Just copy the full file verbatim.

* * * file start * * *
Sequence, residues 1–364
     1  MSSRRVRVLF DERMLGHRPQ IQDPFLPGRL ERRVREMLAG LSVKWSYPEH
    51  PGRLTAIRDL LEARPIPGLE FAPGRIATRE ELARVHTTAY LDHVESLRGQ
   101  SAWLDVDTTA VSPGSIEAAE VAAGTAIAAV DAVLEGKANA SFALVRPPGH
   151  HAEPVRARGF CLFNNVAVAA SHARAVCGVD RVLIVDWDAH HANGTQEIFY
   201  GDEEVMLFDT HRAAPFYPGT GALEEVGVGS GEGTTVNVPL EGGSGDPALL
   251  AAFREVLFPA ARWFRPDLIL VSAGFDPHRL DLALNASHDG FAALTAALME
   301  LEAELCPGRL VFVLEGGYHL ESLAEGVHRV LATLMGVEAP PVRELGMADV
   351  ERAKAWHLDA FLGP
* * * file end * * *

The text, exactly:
Sequence, residues 1–364
     1  MSSRRVRVLF DERMLGHRPQ IQDPFLPGRL ERRVREMLAG LSVKWSYPEH
    51  PGRLTAIRDL LEARPIPGLE FAPGRIATRE ELARVHTTAY LDHVESLRGQ
   101  SAWLDVDTTA VSPGSIEAAE VAAGTAIAAV DAVLEGKANA SFALVRPPGH
   151  HAEPVRARGF CLFNNVAVAA SHARAVCGVD RVLIVDWDAH HANGTQEIFY
   201  GDEEVMLFDT HRAAPFYPGT GALEEVGVGS GEGTTVNVPL EGGSGDPALL
   251  AAFREVLFPA ARWFRPDLIL VSAGFDPHRL DLALNASHDG FAALTAALME
   301  LEAELCPGRL VFVLEGGYHL ESLAEGVHRV LATLMGVEAP PVRELGMADV
   351  ERAKAWHLDA FLGP